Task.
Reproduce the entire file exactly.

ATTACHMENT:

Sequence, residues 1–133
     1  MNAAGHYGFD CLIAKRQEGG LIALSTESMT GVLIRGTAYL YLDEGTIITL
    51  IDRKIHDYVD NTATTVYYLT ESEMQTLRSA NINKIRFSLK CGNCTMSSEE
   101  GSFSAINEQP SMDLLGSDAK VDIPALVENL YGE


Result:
Sequence, residues 1–133
     1  MNAAGHYGFD CLIAKRQEGG LIALSTESMT GVLIRGTAYL YLDEGTIITL
    51  IDRKIHDYVD NTATTVYYLT ESEMQTLRSA NINKIRFSLK CGNCTMSSEE
   101  GSFSAINEQP SMDLLGSDAK VDIPALVENL YGE